In business negotiations, assess when to go it alone

The decision to negotiate without an agent should be made with care.

By — on / Business Negotiations

More than $100 billion in technology mergers and acquisitions has been announced in the United States so far this year, a level not seen since 2000, according to financial software company Dealogic. Among the most notable acquisitions, Google paid $3.2 billion for thermostat and smoke alarm maker Nest Labs in January, and Facebook shelled out a stunning $19 billion for instant-messaging service WhatsApp in February.

Not only are the number and size of the deals raising eyebrows but so is the way they’re being conducted. Typically when a large company is thinking about expansion, its first step is to hire a Wall Street investment bank to seek out worthy targets, evaluate their financial health, and lead any negotiations that follow. As their clients’ agents, bankers are expected to bring a wealth of experience and know-how to the table in exchange for their hefty fees.

In Silicon Valley, that model is changing. Technology firms are increasingly choosing to rely on in-house corporate development teams to find targets, conduct due diligence, and negotiate, David Gelles reports in the New York Times. The percentage of companies that negotiated acquisitions without an investment bank in deals exceeding $100 million leaped from 27% to 69% in the past 10 years, according to Dealogic. Apple, Facebook, and Google have all recently made billion-dollar-plus deals without the help of bankers. As we will see, the trend suggests both the pros and cons of negotiating in a complex environment without an agent.

The rationale for going it alone
At least three factors have inspired Silicon Valley executives to shun the services of investment banks in their dealmaking:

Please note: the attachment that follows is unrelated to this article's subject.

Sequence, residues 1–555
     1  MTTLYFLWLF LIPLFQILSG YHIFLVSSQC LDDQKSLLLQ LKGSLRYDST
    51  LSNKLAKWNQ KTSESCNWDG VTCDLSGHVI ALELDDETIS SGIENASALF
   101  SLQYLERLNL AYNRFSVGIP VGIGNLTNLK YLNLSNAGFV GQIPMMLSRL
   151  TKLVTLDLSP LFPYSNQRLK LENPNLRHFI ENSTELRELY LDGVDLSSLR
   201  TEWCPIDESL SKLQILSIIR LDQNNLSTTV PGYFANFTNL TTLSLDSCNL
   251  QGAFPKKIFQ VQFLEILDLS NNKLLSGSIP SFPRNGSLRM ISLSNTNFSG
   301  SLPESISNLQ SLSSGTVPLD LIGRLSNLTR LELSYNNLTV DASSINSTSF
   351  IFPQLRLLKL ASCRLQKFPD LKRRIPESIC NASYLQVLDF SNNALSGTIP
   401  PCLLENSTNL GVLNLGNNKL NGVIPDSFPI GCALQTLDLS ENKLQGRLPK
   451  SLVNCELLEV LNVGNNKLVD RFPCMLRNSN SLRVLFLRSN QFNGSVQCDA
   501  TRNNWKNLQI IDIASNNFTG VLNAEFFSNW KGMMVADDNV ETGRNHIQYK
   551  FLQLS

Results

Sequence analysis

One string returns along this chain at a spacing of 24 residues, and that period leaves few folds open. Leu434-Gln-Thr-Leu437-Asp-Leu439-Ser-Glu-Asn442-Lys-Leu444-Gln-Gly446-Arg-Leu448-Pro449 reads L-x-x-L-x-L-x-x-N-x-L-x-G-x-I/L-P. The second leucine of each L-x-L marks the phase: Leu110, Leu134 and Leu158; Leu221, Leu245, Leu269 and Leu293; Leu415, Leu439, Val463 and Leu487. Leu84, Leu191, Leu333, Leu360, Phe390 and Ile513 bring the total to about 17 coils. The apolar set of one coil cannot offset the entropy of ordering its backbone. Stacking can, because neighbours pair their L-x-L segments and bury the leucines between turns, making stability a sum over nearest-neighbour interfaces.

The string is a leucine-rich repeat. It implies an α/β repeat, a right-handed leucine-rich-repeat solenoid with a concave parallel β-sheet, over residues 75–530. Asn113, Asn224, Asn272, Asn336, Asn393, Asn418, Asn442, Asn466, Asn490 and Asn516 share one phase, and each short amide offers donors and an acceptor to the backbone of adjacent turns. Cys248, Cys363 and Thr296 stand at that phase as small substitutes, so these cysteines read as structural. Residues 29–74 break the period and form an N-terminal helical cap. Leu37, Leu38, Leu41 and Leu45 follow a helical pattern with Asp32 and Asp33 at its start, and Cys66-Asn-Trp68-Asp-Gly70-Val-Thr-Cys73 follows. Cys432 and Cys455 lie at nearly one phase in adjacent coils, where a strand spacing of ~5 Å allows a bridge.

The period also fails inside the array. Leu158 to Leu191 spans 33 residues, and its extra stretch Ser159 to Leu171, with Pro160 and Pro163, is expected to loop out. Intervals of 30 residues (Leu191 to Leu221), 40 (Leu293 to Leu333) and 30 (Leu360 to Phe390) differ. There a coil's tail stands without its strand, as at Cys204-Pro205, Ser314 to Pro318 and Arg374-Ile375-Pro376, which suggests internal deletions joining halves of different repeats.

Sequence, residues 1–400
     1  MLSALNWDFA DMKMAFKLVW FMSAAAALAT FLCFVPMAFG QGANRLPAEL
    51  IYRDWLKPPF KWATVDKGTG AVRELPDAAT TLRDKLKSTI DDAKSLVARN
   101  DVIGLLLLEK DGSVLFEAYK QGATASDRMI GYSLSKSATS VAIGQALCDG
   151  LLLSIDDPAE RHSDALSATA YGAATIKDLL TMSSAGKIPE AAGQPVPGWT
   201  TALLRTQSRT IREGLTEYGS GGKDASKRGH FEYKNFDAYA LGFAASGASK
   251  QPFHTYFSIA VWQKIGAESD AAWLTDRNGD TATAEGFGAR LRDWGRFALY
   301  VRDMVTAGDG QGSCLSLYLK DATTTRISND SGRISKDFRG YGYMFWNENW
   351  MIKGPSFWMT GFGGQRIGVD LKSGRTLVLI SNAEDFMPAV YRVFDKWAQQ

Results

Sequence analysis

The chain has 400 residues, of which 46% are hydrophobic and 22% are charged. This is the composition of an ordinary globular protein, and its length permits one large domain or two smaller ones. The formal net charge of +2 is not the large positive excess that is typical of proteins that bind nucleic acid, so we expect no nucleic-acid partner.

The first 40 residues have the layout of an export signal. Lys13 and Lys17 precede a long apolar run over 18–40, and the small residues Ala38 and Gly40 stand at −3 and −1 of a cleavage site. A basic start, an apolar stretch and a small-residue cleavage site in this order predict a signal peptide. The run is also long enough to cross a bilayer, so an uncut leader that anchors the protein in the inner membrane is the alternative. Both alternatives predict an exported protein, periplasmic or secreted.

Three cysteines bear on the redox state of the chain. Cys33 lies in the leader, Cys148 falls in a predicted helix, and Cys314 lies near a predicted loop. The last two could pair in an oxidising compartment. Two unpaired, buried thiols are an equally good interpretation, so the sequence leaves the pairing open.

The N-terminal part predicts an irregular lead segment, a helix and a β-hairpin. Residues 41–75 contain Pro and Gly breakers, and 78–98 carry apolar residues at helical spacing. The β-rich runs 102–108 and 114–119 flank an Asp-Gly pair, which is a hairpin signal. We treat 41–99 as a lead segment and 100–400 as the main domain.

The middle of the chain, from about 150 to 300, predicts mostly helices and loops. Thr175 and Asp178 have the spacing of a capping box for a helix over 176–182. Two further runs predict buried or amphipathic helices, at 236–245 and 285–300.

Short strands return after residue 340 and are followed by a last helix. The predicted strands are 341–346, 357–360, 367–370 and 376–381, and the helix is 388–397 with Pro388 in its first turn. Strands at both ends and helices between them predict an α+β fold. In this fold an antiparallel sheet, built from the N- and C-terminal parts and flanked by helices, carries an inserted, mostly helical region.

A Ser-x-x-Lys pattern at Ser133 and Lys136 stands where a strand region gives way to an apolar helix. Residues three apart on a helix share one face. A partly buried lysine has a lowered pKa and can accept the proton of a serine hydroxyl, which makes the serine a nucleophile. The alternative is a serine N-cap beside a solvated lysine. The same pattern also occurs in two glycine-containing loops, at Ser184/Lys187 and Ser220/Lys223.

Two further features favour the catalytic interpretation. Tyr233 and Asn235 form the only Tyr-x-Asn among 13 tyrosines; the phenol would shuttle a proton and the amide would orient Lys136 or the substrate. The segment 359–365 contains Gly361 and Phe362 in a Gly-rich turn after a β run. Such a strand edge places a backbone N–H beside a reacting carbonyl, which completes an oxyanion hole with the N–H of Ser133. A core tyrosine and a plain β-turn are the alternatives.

1. Clashing objectives. The decision to conduct negotiations in-house may be rooted in fundamentally different goals for conducting acquisitions. Because bankers typically favor deals that will bolster the acquiring company’s earnings per share, they may lean toward pitching acquisitions of well-established companies. Indeed, Facebook’s vice president of corporate development, Amin Zoufonoun, told Gelles that bankers used to advise Facebook to buy up industry stalwarts such as Yelp and PayPal.

By contrast, Silicon Valley executives tend to be less interested in maximizing short-term earnings than they are in finding ways to adapt and innovate. As a result, they’re constantly on the hunt for start-ups that could produce the next big app or other technology. And many high-tech leaders believe they’re better positioned than bankers to identify promising technology start-ups in the relatively close-knit community of Silicon Valley.

2. Relationships instead of transactions. Some high-tech executives focus on building relationships with the heads of potential targets before even discussing the possibility of a transaction. To take one example, Kevin Systrom was a promising engineering student at Stanford University when he met Facebook CEO Mark Zuckerberg. The two kept in touch, and Zuckerberg began inviting Systrom over for dinner after Systrom founded Instagram. Their philosophical discussions transitioned naturally into conversations about how they might work together, and before long a $1 billion acquisition of Instagram was born. Zuckerberg forged a similar friendship with WhatsApp co-founder Jan Koum before opening up deal talks.

This gradual process of getting to know potential partners appears to be common in Silicon Valley. Compare that to the more transactional approach followed by many firms and their bankers, in which the idea of a deal usually precedes rapport building. This approach risks an overly narrow focus on reaching agreement on price to the exclusion of other important issues, such as how well the companies and their cultures will integrate and to what degree.

Given that banks are paid for their advisory services before deal implementation begins, they typically don’t have strong incentives to take a long-term perspective. To take one extreme example, in 2007, JPMorgan Chase advised real estate mogul Sam Zell to purchase the Tribune Company despite the private concerns of JPMorgan CEO Jamie Dimon and others at the bank that the deal was unlikely to be profitable over the long term—as turned out to be the case when the Tribune Company went bankrupt a year after the sale.

“The most important thing is that soft stuff,” Facebook’s Zoufonoun said to Gelles, referring to culture and vision. “And that soft stuff is more challenging for a bank or an adviser to tap into.”